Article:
This report finds that Philadelphia’s long tradition of high homeownership is changing. From 2000 to 2012, homeownership declined in this city as well as others across the United States. But the drop has been more pronounced in Philadelphia, with sections of Northeast Philadelphia recording the biggest decreases.
The decline, which has been accompanied by an increase in renting, is largely due to stagnant incomes, rising home prices, tight credit standards for mortgages, and shifting attitudes toward buying a home, particularly among the city’s growing number of young adult residents. Also examined in the report are the changing demographics of owner-occupants in Philadelphia and its neighborhoods, including the share of homes owned by low-income residents and families, and those owned free and clear, without mortgages.
The classic brick Philadelphia row house symbolizes the city’s strong tradition of homeownership. For generations in Philadelphia and the rest of the nation, owning a home has been a milestone on the path to building household wealth and establishing a stake in the community.
But since 2000, homeownership has been in decline in the United States, a trend that has been especially pronounced in Philadelphia. In recent years, Philadelphia experienced the second-steepest drop in homeownership among the country’s 30 largest cities—despite not having been hit as hard as other localities by the housing bubble and foreclosure crisis of the past decade.
Even with the decrease, from 59.3 percent of the city’s housing units being owner-occupied in 2000 to 52.2 percent a dozen years later, Philadelphia remains a city of relatively high homeownership. The city’s 2012 percentage is slightly higher than the average of the 30 largest cities, and remains above those of most large cities in the Northeast and Midwest.
According to housing and real estate experts, homeownership has declined sharply in Philadelphia—a city that still has a large supply of low-priced homes—because of stagnant incomes, rising home prices, and tight credit following the housing crash and recession. In addition, many members of Philadelphia’s growing population of young, mobile adults—like their peers nationally—are holding off on purchasing homes longer than did their counterparts in years past. Some are doing so by choice; others are constrained by low-wage jobs, student debt, and decisions to delay marriage and family.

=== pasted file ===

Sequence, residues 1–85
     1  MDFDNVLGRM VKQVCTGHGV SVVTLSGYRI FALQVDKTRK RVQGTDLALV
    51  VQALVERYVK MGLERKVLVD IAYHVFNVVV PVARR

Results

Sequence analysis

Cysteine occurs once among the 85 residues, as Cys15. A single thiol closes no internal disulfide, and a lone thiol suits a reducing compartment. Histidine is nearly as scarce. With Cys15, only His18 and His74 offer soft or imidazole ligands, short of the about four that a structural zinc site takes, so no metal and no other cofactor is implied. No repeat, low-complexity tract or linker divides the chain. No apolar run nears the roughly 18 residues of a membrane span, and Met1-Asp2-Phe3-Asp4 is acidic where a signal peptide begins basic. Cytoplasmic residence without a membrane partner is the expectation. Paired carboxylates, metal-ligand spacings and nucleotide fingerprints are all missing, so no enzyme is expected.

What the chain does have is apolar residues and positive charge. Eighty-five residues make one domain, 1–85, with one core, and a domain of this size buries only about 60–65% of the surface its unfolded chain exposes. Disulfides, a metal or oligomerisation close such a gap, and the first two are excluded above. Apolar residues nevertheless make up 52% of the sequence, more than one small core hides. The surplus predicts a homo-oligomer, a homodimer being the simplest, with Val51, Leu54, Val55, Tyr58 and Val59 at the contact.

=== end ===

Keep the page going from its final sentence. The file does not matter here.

The local drop in homeownership, not unexpectedly, has been accompanied by an equally significant increase in renting. The question to be considered is what impact this shift from owning to renting, should it continue, will have on individual neighborhoods and on Philadelphia as a whole. Traditionally, homeowners have been widely viewed as more committed to their communities and more likely to engage in civic activity. But some experts say that high levels of homeownership can also stall neighborhood revitalization in some situations.
An analysis by The Pew Charitable Trusts of U.S. Census Bureau housing data shows that:
- Among the nation’s 30 largest cities, Philadelphia had the second-biggest decline in homeownership (7.1 percentage points) from 2000 to 2012, behind only Phoenix (7.8 points).
- From 2000 to 2012, the most recent year for which data are available, the number of owner-occupied units in the city declined by 47,082 to 302,551, and the number of rentals grew by 36,885 to 277,323. During the same period, homeownership levels declined the most in Lower Northeast Philadelphia and increased the most in and around Center City.
- The decline was most pronounced among the group usually considered to be traditional homebuyers: married couples and families with children. Yet as homeownership dropped citywide, it rose among single-person households.
Some elements of homeownership in Philadelphia have not changed. An extraordinary number of low-income Philadelphians own their homes—nearly 38 percent of city homeowners have annual household incomes below $35,000. That percentage is the second-highest among the 30 largest cities, trailing only Detroit.
Philadelphia also has a large share of owner-occupied homes that are owned free and clear, without mortgages, about 41 percent. That is the third-highest rate among the 30 cities, behind only Detroit and Houston. Many of these property owners are elderly and have limited incomes, making it hard for them to keep up with taxes, utilities, and maintenance. Over time, lack of upkeep can contribute to blight and abandonment.
Local officials have tended to encourage homeownership. A prolonged shift toward renting could have future policy implications for the city. For now though, it is not clear whether the decline will be positive or negative, or simply a change.
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